Credit Card Fees to Cost Consumers $500 Million+ This Easter

Swipe fees could cost the average consumer the equivalent of a dozen eggs.

April 05, 2023

The swipe fees that big banks and credit card networks charge retailers to process transactions could cost the average consumer the equivalent of a dozen eggs this Easter, reports the Merchants Payments Coalition. Overall, swipe fees could total more than half a billion dollars nationwide this Easter.

“The card industry will be putting its hand in the Easter basket again this year as rising swipe fees contribute to the cost of everything from Peeps to chocolate bunnies,” said Doug Kantor, MPC Executive Committee member and general counsel for NACS. “These fees make inflation even worse at a time when parents and the Easter Bunny can least afford it. And the problem won’t end when Easter is over because swipe fees drive up prices for consumers all year long. The card industry refuses to stop price-fixing these fees and compete, so it’s time for Congress to act. If children can compete at an Easter egg hunt, why can’t card networks compete when it comes to setting swipe fees?”

The National Retail Federation’s annual survey predicts that U.S. consumers will spend an average $192.01 on Easter-related items this year, for a total of $24 billion in sales. Based on the 2.24% average swipe fee for Visa and Mastercard credit cards, $4.30 per shopper will go to banks and card networks rather than the merchant when customers pay by credit card. That’s just above the $4.21 average price for a dozen eggs.

If all U.S. Easter purchases were made with credit cards, swipe fees would total approximately $537.6 million. However, the actual amount is difficult to determine since purchases are split between credit cards and debit cards, which have a lower swipe fee, and cash. But cash accounted for only 19% of purchases in 2021, according to the Federal Reserve, and its use is declining as more shopping occurs online and more consumers use cards for in-store purchases.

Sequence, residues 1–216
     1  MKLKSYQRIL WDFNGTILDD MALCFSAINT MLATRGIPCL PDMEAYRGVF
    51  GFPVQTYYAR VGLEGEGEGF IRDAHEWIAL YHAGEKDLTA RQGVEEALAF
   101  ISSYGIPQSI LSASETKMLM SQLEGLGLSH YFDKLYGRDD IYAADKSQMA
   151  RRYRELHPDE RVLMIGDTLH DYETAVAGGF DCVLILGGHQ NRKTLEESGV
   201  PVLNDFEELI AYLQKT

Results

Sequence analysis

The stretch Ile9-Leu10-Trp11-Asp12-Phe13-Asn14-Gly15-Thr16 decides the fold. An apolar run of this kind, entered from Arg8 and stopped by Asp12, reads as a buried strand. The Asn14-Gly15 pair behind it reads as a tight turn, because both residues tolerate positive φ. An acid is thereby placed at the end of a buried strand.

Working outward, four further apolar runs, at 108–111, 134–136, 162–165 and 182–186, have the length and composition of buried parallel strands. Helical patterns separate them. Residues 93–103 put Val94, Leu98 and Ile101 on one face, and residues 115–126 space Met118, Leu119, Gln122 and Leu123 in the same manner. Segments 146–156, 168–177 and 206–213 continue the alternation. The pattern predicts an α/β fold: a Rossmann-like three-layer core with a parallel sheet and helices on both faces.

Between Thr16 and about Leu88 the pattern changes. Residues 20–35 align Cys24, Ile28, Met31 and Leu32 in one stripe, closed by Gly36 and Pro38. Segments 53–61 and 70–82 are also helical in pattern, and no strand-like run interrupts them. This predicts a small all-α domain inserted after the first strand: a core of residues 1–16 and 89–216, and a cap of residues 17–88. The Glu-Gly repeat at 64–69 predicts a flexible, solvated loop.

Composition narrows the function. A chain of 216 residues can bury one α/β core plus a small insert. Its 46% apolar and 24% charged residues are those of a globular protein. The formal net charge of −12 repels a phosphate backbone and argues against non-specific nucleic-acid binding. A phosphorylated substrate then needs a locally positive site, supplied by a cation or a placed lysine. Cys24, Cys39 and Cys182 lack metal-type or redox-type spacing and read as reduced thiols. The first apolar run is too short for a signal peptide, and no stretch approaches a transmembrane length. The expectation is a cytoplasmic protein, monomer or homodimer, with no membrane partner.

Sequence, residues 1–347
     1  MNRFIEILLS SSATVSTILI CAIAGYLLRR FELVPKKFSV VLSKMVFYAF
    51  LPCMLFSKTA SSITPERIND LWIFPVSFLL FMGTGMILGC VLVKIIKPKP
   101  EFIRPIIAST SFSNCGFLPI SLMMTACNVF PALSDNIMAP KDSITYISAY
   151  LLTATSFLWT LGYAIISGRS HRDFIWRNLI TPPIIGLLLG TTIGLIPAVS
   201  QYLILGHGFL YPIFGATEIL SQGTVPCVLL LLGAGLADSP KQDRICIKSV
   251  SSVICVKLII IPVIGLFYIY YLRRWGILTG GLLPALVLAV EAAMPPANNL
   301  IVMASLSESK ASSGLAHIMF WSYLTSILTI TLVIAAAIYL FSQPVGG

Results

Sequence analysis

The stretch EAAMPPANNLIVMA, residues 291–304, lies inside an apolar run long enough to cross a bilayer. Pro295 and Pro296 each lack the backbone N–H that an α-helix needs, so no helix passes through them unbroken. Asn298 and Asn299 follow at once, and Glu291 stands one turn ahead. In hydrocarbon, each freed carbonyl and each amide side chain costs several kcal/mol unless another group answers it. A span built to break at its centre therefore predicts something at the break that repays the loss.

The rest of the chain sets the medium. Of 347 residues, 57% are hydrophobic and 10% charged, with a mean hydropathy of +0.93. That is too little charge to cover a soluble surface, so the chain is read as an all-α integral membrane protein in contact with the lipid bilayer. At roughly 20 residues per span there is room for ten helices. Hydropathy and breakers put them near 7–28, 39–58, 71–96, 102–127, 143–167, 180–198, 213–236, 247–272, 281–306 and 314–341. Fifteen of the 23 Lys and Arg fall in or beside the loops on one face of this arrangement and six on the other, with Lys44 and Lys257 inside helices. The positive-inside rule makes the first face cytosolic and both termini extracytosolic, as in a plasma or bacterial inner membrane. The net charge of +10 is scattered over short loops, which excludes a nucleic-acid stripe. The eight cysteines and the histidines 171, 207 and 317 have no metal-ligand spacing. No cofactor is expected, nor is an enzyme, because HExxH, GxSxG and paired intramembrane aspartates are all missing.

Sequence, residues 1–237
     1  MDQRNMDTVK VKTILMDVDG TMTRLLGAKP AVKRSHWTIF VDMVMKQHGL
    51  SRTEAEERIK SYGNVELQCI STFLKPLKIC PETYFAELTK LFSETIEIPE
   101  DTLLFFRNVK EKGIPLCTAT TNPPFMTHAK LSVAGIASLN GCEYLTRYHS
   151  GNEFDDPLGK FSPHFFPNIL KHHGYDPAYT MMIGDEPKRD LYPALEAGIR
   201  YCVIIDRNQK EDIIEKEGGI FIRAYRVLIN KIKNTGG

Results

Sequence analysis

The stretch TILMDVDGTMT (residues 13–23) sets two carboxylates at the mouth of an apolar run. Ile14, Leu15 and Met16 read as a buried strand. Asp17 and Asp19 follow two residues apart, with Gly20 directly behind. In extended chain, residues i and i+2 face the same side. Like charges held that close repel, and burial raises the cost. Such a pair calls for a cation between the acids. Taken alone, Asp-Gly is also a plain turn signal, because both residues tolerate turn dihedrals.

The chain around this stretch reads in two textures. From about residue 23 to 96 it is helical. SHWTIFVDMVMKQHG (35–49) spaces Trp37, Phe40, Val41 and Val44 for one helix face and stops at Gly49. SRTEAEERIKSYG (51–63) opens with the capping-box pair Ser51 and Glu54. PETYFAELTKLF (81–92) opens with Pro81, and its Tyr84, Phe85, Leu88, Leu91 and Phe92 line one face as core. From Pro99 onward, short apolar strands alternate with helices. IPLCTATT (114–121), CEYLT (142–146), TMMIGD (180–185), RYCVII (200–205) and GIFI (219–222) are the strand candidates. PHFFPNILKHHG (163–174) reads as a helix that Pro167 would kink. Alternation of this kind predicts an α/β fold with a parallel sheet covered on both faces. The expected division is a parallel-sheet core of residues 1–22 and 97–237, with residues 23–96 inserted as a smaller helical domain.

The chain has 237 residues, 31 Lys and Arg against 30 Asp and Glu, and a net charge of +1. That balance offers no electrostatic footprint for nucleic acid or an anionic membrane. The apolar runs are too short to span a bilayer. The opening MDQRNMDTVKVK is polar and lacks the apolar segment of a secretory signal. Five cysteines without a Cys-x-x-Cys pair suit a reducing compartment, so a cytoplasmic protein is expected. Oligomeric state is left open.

Credit and debit card swipe fees have more than doubled over the past decade. They soared 17% last year alone to hit a record $160.7 billion, Nielson reports. They are most merchants’ highest operating cost, following labor, and are impossible for retailers to absorb. As a result, they drove up expenses for the average family by an estimated $1,024 last year.

The impact on Easter comes as Senators Richard Durbin, D-Ill., and Roger Marshall, R-Kan., are preparing to reintroduce the Credit Card Competition Act. The legislation would require that banks with over $100 billion in assets enable credit cards to be processed over at least two unaffiliated networks. One could still be Visa or Mastercard, but the other would be a competing network, such as NYCE, Star or Shazam. Banks would choose which two to enable, but merchants would choose which to use. This move would force networks to compete over fees, security and service. Payments consulting firm CMSPI estimates that competition would save businesses and their customers at least $11 billion a year.